And then you look at -- he has a 24-hour security detail, which he's used for things that are not business related. So on the taxpayer dime he's gone to Disneyland with his security detail. He has been looking into a private -- the use of a private jet after he got busted with his first class travel. He had to go back to coach. But he had said he had used first class travel because he was in danger from people who -- you know, voters who were on airplanes with him who were mad at him.

So it's just too much for the White House to bare. It's everything that Donald Trump can't stand is a torrent of headlines like this.

SCIUTTO: So, Chris Cillizza, it's something of a come down for Scott Pruitt because -- I mean there was talk until a few weeks ago of him being a possible replacement for Jeff Sessions as attorney general. He certainly accomplished a lot of the president's agenda at the EPA, which is basically dismantling EPA regulations. Quite a turnaround for him.

[06:40:17] CHRIS CILLIZZA, CNN POLITICS REPORTER AND EDITOR-AT-LARGE: Yes. I mean I think some of that, Jim, was talk created by Scott Pruitt about Scott Pruitt being the next attorney general.

SCIUTTO: Does that happen in Washington? I don't know what happens in Washington.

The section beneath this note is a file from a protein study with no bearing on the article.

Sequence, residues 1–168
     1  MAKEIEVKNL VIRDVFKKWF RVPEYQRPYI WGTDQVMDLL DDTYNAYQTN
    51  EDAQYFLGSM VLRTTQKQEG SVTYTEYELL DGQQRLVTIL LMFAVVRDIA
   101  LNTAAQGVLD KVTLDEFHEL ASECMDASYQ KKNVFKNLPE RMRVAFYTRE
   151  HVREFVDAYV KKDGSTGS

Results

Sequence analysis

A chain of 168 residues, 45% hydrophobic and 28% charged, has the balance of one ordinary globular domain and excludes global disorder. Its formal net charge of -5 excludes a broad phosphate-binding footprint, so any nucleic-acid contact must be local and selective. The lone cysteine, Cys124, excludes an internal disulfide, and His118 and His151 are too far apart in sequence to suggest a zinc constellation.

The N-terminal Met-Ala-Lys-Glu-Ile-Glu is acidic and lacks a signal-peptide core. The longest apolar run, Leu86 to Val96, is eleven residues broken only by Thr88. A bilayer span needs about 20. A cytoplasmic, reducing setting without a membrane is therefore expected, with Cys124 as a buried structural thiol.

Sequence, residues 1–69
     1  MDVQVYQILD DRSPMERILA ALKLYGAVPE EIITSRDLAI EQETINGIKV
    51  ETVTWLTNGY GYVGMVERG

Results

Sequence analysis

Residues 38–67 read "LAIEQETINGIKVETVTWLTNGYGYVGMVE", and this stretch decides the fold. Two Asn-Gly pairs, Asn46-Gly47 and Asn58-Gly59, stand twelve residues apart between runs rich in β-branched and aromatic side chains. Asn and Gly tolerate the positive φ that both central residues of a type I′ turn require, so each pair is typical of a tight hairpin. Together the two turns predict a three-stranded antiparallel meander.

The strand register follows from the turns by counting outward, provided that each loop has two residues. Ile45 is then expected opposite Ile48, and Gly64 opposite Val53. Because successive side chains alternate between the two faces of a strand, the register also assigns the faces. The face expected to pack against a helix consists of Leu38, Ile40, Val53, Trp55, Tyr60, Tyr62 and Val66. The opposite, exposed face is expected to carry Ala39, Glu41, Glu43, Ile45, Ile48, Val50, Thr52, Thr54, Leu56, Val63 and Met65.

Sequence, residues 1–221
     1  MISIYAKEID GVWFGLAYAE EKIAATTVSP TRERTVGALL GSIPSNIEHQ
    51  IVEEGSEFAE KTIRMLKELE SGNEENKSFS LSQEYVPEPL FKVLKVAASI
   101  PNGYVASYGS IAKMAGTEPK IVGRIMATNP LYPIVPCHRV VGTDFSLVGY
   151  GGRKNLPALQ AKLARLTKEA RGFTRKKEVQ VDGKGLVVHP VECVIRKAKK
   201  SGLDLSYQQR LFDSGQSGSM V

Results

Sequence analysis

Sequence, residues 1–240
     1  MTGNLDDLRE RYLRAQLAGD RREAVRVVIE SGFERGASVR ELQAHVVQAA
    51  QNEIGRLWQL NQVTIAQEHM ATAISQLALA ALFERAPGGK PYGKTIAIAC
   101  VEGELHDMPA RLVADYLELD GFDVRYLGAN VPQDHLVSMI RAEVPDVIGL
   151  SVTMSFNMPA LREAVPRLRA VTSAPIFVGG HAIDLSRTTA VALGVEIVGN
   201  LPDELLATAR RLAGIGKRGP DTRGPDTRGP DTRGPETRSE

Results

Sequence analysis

CILLIZZA: Yes. But that doesn't -- that doesn't mean it couldn't come true.

I think I'll add to A.B.'s point that I think two things Donald Trump doesn't like. Number one -- well, actually four. Numbers one, two, and three, bad headlines that he doesn't create. Number four, what he views to be as over weaning ambition. People who aren't doing -- not taking care of their business in one place and already trying to move on. I don't see -- I'm with Chris Christie, I don't know how Scott Pruitt survives this because, again, it's not one bad headline. A.B. just ripped through about six bad headlines.

You know, I think what you're seeing here is probably a finding someone to take Scott Pruitt's job. It seems to me more of an if -- a when not if in terms of him going.

CAMEROTA: John, speaking of headlines, "The Washington Post" calls Scott Pruitt a swamp monster today.

AVLON: Yes. And usually you have to wear a costume to accomplish that.

No, look, I mean, Chris' point is that the president, as powers of projection, are really profound. And when you generate negative headlines and you provide distractions, the old rules of politics apply. Politics is perception. None of these scandals are good perception for Pruitt or the administration and so they deploy the let 'em dangle strategy.

And I think that's what's kind of -- what's kind of profound. And, A.B., why do you think this president likes to let his cabinet members dangle in the wind for weeks before he fires them by tweet?

STODDARD: I think he enjoys -- I mean people around him have said that he enjoys -- it's sort of a punishing experience to have the press speculate and say it's a matter of when not if. And them sort of, you know, walking around dejected with their demoralized agencies continuing to, you know, get more negative press before they're out the door.